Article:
African American Heritage

Records relating to American Slavery and the International Slave Trade

As the repository of the permanently valuable, noncurrent records of the Federal Government, the National Archives and Records Administration (NARA) only holds records that were generated by the various agencies and institutions of the United States Government, or from activities that were under direct Federal jurisdiction. During the antebellum period, "slaveholding" and "slave trading" were officially considered matters of private property and private enterprise and were not under the direct jurisdiction or regulation of any agency of the Federal Government (outside of legislation prohibiting the trans-Atlantic importation after 1808). Consequently, most records relating to slavery and slaveholders are held at local and state repositories—not at the National Archives.

Keep in mind that "legally" the enslaved  were considered part of their "owners" property, and any documentation of their lives will be scattered among the records of the estate and business transactions of their "owners." So researchers of individuals who were enslaved must determine where various property records of the owners are held. These types of records are usually held on the county level in each state. The relevant documentation typically consists of items such as probate records, vital records, tax records, and other types of documents found in the court order books and county deed books (such as bills of sale, deeds of gift, mortgages, records of importation and manumissions). Once you identify the location of the owners’ records, you will be able to find whatever documentation exists on the subjects you are researching.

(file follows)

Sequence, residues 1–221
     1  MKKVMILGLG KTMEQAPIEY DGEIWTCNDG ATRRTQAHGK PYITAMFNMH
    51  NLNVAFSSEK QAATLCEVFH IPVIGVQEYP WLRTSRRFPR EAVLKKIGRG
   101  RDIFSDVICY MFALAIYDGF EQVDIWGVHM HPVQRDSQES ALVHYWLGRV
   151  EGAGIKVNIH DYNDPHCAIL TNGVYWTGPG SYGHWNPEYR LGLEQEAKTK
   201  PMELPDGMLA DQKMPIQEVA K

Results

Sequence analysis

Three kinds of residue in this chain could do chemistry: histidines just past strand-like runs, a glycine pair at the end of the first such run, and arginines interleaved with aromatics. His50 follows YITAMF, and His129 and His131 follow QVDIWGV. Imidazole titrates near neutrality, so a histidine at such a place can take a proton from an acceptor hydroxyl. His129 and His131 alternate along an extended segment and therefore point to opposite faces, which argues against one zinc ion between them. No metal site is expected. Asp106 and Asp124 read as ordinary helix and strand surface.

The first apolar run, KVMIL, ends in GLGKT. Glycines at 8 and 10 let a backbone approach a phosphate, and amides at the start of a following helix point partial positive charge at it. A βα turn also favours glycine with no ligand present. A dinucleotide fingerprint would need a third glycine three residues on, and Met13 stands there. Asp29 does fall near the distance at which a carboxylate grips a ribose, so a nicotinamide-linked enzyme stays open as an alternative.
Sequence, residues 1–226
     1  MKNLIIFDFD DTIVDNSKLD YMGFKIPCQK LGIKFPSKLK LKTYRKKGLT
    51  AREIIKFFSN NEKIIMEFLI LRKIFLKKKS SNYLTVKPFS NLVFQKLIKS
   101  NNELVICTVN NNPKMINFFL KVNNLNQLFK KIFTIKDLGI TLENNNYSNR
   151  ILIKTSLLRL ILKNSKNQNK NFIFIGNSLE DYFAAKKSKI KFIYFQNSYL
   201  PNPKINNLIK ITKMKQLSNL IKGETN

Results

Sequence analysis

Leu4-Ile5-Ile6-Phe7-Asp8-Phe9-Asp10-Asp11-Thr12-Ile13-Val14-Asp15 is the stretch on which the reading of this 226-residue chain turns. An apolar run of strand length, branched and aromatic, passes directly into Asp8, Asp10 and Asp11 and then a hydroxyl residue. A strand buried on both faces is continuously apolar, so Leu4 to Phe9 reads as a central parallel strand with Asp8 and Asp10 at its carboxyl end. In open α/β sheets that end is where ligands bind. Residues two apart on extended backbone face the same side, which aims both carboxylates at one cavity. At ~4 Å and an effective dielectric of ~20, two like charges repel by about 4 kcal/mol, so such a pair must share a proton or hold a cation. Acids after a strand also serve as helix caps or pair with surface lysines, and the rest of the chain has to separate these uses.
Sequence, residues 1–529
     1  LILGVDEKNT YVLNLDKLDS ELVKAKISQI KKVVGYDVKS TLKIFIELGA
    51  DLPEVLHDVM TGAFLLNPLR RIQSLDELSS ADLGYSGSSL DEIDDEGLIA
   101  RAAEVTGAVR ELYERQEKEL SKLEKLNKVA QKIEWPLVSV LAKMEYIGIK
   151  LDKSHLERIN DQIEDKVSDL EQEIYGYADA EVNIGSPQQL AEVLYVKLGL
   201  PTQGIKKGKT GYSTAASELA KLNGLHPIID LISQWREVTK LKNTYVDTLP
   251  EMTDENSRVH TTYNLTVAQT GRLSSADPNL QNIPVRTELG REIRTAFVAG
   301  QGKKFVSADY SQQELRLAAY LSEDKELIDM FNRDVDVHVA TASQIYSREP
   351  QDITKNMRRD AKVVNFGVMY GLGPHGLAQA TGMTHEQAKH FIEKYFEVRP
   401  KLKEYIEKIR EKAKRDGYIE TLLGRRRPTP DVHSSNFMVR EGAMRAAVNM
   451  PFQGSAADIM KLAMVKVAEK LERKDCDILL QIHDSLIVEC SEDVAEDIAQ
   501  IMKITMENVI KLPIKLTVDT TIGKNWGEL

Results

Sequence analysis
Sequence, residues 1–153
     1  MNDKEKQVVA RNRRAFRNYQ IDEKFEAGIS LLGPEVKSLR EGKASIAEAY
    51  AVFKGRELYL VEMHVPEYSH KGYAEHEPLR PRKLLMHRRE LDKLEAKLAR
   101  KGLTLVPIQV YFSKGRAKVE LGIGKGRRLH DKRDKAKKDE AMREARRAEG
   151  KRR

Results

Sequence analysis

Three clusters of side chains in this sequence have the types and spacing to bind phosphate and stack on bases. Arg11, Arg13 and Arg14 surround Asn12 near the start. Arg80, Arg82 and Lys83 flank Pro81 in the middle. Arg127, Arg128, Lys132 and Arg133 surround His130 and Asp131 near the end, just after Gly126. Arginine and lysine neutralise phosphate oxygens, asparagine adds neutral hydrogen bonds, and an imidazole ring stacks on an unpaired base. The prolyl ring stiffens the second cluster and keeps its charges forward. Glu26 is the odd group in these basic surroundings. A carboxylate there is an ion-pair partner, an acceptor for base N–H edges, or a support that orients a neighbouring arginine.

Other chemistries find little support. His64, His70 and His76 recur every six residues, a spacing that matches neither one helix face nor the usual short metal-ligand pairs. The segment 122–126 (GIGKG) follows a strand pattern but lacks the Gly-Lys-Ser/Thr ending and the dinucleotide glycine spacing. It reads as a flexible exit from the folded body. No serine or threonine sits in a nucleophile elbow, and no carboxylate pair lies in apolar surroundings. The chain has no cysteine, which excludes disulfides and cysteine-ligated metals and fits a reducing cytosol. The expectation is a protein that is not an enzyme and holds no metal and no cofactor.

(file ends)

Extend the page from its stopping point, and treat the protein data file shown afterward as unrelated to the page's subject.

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Anti-Slavery Fair Invitation, 1846 (NAID 6883567)

The records at the National Archives that relate to the formerly enslaved and former slaveholders are mainly from the years of the Civil War and Reconstruction (1861-1877). These were the years that the Federal Government had its most direct contact with the formerly enslaved and slaveholders. These records consist primarily of military records documenting formerly enslaved soldiers and sailors serving in the US Colored Troops or the Union Navy, the Records of the Bureau of Refugees, Freedmen, and Abandoned Lands (the Freedmen’s Bureau) that assisted the formerly enslaved during Reconstruction, the Records of the Freedman’s Saving & Trust Company (the Freedman’s Bank), and the Record of the Commissioners of Claims (the Southern Claims Commission). None of these records are directly related to the sale and holding of slaves during the antebellum period, although they can sometimes reveal information pertaining to those matters.

Other than the Civil War and Reconstruction era records mentioned above, the other records that provide some personal details on slaves and slaveholders are the Records of the US District Court for the District of Columbia Relating to Slaves, 1851-63 (Record Group 21 and 217). These records pertain only to the enslaved and slaveholders in Washington, DC, and the surrounding areas of Maryland and Virginia between the years of 1851 to 1863. Most of these records have been digitized and are now available on the genealogy research websites, FamilySearch, Fold3, and Ancestry.  


The records referenced in these pages highlight some of the records pertaining to slavery that are available at the National Archives. Information is arranged by government branch. Records at the National Archives cover national legislation relating to slavery and the international slave trade, Federal agencies that provided aid and assistance to formerly enslaved persons, individuals that served in the military in some capacity, and court cases relating to freedom seekers or fugitive slaves, purchases of ones own freedom, people illegally engaged in the slave trade, and enforcement of slavery laws.

For further insight, see Walter B. Hill Jr.'s Prologue article on this topic.